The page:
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If you think farm safety is someone else’s problem, you’re right. It was Paddy’s and Kitty’s problem when the tractor they were driving crushed them. It was Tommy’s problem when he got wrapped around a PTO shaft. These are just a few examples of problems related to farm safety. It isn’t that we are careless, most of these accidents occur during everyday activities. The fact is, farming and farms are dangerous. There are hazards literally everywhere you look. The ploughing championships is the perfect opportunity for everybody to be mindful of health and safety on the farm.
Keep your farm a safer place, and you will thrive on it! Here are some farm safety tips for you to think about. Enjoy…
• Perform a safety check of buildings and grounds for obvious fire hazards and hazardous materials.
• Establish a safety boundary around gas and diesel fuel tanks and other flammable substances.
• Maintain clean and neat work areas with tools stored out of the way.
• Store farm chemical’s securely where kids and animals can’t access them. Then make a list of the chemicals for firefighters in the event of a fire on your property.
• Keep weeds and grasses trimmed so tractors and ATV drivers won’t run into hidden obstacles and holes that can cause the vehicle to overturn.
• Don’t wear loose clothing around equipment and work areas.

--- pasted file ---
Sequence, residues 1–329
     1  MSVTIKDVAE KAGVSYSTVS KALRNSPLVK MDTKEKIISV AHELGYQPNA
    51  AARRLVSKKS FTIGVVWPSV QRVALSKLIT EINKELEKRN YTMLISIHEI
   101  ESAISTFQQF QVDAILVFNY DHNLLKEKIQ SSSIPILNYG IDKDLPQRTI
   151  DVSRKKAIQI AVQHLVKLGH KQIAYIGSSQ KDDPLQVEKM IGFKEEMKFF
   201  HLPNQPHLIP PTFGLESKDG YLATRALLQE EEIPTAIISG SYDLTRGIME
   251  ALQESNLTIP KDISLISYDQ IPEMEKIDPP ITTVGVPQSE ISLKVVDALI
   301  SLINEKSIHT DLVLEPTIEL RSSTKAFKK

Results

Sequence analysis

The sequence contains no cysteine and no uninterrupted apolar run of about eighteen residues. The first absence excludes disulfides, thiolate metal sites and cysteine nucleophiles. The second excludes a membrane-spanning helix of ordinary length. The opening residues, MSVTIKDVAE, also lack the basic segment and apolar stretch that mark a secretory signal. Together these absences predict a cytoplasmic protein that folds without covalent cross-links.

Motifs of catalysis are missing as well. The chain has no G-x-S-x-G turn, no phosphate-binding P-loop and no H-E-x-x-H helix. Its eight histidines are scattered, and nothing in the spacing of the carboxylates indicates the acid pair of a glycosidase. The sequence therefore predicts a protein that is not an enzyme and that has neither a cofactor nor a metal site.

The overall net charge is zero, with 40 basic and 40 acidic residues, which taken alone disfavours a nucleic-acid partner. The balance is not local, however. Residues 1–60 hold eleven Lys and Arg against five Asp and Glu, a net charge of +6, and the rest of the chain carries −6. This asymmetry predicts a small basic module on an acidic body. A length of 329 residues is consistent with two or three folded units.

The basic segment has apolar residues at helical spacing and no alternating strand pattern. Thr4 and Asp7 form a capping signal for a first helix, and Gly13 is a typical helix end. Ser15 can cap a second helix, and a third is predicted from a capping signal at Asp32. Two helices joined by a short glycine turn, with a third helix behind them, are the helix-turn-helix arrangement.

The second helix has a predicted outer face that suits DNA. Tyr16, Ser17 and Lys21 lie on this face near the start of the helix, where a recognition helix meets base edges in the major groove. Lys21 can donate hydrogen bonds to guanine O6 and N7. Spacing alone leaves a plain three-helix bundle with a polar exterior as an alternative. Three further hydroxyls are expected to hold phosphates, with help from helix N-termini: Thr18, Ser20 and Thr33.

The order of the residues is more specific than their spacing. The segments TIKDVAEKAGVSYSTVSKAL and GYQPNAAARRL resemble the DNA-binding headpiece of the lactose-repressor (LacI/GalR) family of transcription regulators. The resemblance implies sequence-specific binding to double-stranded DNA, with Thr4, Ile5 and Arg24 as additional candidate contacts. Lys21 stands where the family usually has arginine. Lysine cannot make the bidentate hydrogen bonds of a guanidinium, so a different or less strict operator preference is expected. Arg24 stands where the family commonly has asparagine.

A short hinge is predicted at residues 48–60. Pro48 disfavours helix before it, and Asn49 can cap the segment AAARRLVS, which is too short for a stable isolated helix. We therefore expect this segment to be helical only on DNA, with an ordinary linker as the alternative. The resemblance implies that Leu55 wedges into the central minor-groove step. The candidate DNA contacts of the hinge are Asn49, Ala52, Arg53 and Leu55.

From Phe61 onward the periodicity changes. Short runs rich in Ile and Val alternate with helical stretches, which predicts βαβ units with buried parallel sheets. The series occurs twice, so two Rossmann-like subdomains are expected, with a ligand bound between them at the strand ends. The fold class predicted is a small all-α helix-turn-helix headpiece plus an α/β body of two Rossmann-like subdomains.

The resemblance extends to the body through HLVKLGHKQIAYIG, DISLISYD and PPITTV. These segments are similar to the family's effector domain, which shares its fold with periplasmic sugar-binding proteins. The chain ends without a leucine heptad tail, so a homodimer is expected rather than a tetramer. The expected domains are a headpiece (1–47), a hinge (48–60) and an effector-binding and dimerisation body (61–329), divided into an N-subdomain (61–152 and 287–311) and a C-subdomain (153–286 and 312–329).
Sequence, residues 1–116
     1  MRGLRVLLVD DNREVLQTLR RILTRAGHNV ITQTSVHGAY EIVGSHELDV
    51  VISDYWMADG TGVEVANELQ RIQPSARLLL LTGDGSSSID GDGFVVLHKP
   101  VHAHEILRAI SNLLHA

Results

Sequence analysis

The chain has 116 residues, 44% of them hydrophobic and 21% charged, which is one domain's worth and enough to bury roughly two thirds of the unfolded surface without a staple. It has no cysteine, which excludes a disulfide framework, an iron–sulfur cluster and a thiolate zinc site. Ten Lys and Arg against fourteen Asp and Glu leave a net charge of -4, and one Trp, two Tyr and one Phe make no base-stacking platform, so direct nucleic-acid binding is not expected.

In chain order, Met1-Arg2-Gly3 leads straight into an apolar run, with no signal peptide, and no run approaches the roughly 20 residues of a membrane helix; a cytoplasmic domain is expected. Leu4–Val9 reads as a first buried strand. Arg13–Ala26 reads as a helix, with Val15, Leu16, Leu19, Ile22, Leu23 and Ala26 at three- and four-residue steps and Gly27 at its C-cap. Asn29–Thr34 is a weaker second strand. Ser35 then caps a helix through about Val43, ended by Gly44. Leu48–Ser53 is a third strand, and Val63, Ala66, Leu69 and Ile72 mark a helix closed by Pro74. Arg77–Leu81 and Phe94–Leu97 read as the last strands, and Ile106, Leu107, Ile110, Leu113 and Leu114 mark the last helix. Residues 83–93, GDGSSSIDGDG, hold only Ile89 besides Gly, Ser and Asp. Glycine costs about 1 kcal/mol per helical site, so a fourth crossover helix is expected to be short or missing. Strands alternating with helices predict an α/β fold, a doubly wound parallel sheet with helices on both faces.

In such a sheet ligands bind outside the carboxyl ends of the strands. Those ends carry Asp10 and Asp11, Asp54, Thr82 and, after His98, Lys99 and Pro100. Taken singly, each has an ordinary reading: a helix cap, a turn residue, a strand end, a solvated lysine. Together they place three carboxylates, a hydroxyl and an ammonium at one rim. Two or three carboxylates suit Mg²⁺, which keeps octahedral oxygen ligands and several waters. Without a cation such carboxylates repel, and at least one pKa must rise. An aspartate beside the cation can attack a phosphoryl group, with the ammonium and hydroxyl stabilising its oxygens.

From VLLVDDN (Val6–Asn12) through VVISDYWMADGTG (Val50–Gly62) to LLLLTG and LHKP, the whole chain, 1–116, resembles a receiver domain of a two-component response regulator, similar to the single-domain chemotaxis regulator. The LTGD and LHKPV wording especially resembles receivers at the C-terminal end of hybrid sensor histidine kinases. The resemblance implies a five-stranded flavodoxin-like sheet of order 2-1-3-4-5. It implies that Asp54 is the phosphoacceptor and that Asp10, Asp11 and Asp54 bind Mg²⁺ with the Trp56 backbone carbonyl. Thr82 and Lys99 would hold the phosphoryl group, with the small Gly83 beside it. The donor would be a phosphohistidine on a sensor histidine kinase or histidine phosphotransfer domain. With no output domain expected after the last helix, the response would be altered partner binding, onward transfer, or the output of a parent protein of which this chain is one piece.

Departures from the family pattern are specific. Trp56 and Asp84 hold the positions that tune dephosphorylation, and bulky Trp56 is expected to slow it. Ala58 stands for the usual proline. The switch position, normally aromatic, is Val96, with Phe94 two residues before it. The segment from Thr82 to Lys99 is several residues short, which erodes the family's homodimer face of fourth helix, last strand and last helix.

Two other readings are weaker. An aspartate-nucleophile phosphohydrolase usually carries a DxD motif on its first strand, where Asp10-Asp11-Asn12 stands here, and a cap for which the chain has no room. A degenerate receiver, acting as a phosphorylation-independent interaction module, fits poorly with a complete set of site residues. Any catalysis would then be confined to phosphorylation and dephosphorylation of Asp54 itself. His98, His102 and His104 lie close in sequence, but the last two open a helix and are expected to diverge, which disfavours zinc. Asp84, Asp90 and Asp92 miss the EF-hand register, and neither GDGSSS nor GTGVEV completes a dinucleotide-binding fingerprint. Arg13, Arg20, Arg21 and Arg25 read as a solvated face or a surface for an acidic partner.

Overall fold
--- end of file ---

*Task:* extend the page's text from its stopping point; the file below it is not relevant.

• Farm safety for children is extremely important, always discuss safety concerns with children, explaining safe handling and any hazards. Practice what you preach, and they will follow.
• It is important to use safety equipment the correct way. That means hearing protection, gloves, eye protection, not forgetting face masks when working in dusty conditions.
• If possible have a helper nearby when entering breeding pens or other high-risk areas.
• Ensure that all tractors and farm trucks are fitted with fire extinguishers and first aid kits.
• Never leave running power equipment unattended.
• Safeguard all PTO-powered equipment drive shafts, and keep children at a distance from them.
• Never exit a tractor or truck without ensuring it is in park mode or engaging the emergency brakes.
• Never run or start gas or diesel engines in an enclosed area without being assured of good ventilation.
• Maintain and check equipment, especially hydraulic hoses and electrical cables showing cracks or other signs of wear and tear.
• Treat farm animals with respect. If you understand their behavior, then you will be ready for their actions.
• Keep animals in good health. Animals in pain and discomfort can react aggressively.
• Take extra care with farm animals during birthing and breeding times.